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Are you an NCAA student-athlete with Name, Image & Likeness (“NIL”) questions?

On Behalf of | Jul 4, 2021 | Firm News

With the NCAA’s recent change to allow student-athletes to receive compensation for the use of their NIL while still participating in intercollegiate sports, many student-athletes have questions regarding which type and level of compensation is appropriate for the use of their NIL and what type of license should they grant to entities seeking to use their NIL.

Our managing partner, Terry Coates, is a former NCAA football athlete and is Ohio’s leading NIL attorney. He’s working with current NCAA athletes to ensure his clients receive just compensation while ensuring the license granted to the paying entity is tailored (usually limited) as necessary.

Over 10 Years of Fighting on Behalf of NCAA Athletes to Protect Their NILs

Terry has worked with high school, college, professional, and retired athletes over the past decade, including acting as one of the plaintiffs’ attorneys in the landmark NCAA athlete NIL case, In re NCAA Student-Athletes Name & Likeness Licensing Litigation, No. 09-1967, United States District Court, Northern District of California; see also O’Bannon v. NCAA, 802 F.3d 1049 (9th Cir. 2015) (Terry was personal counsel for NCAA, Olympic, and NBA legend Oscar Robertson and worked on discovery responses for NBA legend Bill Russell; the case resulted a $40 million settlement with Electronic Arts and Collegiate Licensing Company and the Court issuing a permanent injunction against the NCAA for unreasonably restraining trade in violation of antitrust law). This case was the precursor to the recent NCAA v. Alston decision issued by the U.S. Supreme Court on June 21, 2021, which compelled the NCAA to allow NCAA athletes to be compensated for the use of their NIL.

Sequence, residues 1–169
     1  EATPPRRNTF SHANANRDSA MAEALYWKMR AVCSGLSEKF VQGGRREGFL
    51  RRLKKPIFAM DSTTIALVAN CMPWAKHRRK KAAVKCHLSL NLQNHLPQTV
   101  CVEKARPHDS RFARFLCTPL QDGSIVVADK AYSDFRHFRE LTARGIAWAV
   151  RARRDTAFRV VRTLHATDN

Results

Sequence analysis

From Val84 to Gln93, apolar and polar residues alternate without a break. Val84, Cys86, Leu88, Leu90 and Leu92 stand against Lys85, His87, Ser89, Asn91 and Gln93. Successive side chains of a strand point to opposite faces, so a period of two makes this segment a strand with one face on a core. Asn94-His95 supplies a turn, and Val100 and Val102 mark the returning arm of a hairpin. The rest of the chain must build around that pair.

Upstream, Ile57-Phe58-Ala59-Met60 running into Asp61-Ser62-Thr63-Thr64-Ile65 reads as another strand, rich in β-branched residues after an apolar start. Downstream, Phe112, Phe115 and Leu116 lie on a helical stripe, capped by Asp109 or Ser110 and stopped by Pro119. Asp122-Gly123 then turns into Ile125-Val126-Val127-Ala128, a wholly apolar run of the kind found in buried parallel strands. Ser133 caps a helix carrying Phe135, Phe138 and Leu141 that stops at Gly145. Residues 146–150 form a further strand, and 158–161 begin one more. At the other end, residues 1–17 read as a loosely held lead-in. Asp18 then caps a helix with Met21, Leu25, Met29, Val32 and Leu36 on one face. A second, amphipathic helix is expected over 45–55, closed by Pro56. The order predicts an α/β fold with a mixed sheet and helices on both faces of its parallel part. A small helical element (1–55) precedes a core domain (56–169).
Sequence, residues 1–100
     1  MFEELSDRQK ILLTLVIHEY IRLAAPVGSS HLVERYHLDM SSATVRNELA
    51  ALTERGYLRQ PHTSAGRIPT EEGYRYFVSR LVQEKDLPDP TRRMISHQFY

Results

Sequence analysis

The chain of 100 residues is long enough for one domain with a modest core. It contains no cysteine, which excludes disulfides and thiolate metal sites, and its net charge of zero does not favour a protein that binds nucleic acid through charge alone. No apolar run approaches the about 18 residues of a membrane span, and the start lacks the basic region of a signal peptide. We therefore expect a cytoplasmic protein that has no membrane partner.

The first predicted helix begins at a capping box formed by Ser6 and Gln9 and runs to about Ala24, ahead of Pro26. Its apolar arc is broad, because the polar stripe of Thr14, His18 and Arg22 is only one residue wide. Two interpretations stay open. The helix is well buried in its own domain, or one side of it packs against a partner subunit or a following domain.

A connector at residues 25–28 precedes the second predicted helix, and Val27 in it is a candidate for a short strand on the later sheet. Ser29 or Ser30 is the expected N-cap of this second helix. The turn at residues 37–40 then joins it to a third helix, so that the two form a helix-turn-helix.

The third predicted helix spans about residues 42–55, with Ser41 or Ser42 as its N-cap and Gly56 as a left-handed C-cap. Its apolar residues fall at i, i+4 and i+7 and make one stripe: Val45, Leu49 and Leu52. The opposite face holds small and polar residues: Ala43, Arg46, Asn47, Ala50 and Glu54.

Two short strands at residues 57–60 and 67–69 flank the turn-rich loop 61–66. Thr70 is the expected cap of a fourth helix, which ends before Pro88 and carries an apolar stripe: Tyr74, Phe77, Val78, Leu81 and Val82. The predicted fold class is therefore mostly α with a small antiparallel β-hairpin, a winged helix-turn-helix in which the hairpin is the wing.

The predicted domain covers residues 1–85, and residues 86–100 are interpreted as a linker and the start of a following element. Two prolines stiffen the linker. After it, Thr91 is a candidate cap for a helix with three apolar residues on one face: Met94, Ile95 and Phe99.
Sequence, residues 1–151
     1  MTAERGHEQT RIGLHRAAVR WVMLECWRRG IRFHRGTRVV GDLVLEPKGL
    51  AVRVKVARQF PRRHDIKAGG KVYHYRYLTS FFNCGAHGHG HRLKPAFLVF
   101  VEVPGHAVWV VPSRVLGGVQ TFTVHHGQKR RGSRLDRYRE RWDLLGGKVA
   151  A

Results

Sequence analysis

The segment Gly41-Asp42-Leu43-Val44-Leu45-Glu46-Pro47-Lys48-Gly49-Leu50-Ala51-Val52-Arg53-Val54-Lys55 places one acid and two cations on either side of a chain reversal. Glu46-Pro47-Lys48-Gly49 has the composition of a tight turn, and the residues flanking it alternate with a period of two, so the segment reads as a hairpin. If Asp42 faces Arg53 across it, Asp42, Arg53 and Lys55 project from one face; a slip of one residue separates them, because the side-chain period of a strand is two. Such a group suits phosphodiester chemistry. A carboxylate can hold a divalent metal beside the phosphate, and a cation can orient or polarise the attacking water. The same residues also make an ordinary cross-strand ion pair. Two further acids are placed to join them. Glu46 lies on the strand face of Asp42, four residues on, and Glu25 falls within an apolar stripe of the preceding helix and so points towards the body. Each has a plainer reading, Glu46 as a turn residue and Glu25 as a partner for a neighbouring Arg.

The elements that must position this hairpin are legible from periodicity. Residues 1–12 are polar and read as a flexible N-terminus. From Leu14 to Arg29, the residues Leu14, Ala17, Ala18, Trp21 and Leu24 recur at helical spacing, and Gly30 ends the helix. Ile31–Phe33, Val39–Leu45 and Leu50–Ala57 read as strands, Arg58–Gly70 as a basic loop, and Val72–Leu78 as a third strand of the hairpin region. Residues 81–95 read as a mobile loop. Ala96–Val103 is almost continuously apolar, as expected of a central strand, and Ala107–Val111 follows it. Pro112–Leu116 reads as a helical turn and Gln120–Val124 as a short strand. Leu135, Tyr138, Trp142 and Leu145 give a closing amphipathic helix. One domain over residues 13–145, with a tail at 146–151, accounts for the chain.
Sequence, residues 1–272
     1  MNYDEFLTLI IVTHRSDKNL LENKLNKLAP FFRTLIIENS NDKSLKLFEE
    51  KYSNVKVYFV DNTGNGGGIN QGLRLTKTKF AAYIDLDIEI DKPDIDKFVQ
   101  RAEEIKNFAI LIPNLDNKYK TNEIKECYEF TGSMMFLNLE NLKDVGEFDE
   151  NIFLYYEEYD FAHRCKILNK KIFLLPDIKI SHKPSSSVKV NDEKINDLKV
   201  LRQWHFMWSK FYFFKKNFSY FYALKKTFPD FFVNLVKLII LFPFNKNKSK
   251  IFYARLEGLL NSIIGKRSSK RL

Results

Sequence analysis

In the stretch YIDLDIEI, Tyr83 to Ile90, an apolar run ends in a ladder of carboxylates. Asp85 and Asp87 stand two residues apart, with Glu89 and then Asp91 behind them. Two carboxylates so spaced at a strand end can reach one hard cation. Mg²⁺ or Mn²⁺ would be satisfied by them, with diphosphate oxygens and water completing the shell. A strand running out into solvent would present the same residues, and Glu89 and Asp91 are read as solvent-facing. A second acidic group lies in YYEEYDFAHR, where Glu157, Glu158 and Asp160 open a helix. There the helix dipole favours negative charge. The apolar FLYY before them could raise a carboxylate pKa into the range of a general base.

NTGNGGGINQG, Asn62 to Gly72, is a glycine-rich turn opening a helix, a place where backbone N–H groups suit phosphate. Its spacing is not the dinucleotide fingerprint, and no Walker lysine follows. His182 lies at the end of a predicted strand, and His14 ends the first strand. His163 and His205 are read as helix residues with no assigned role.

We’ve Handled All Different Types of Athletes’ NIL Usage

Since fighting for NCAA athletes’ right to control their NIL and be adequately compensation for it in the In re NCAA Student-Athletes Name & Likeness Licensing Litigation case, Terry has worked with athletes in protecting their NIL, including but not limited to, negotiating,

  • Annual trading card contracts where the athlete’s NIL was used on a set number of trading cards with one of the world’s largest trading card producers;
  • Apparel contracts where some of the nation’s largest apparel companies sought the use the athletes NIL on shirts, shorts, and on posters;
  • Appearance contracts with NBA teams, NCAA schools, and local businesses where the athlete appeared at certain events where Terry ensured the athletes’ best interests were protected at all times;
  • Speaking engagement contracts with NCAA schools where the athletes was scheduled to speak for a set number of minutes before an arena of attendees with a meet and greet to follow;
  • Consulting contracts where certain business entities sought the athlete’s public support for certain changes to legislation within the State of Ohio and nationally;
  • Many autograph signing appearance contracts where the athlete was paid a set price per item autographed depending on the size and surface of the item and whether any acronyms accompanied the autograph (HOF, MVP, POY, etc.); and,
  • Television commercial contracts where the athlete’s NIL was used by an international apparel brand.

Terry was intimately involved in protecting athletes’ NIL including ensuring all travel arrangements were negotiated including transportation service to and from airports, ensuring appropriate seating accommodations on commercial flights, ensuring daily itineraries were set for any appearance including pre-determining the type of food and drink that had to be prepared for the athlete at set times, and ensuring the athletes had the ability to review and consent to any advertising bearing their NIL before it was disseminated to the public.

Contact Us Today

Terry, along with Bill Markovits, another Markovits, Stock & DeMarco attorney stand ready to speak with NCAA athletes to ensure the athletes’ interests are being protected through any NIL contracts with third parties. Bill, a former NCAA tennis player and tennis sports agent, also has litigated cases against the NCAA and understands the unique interests athletes must protect in any NIL agreements.

Please contact us for a free, no-cost consultation if you need assistance protecting your NIL and/or receiving appropriate compensation for the use of your NIL: [email protected] or [email protected]  or (513) 665-0204. We look forward to speaking with you.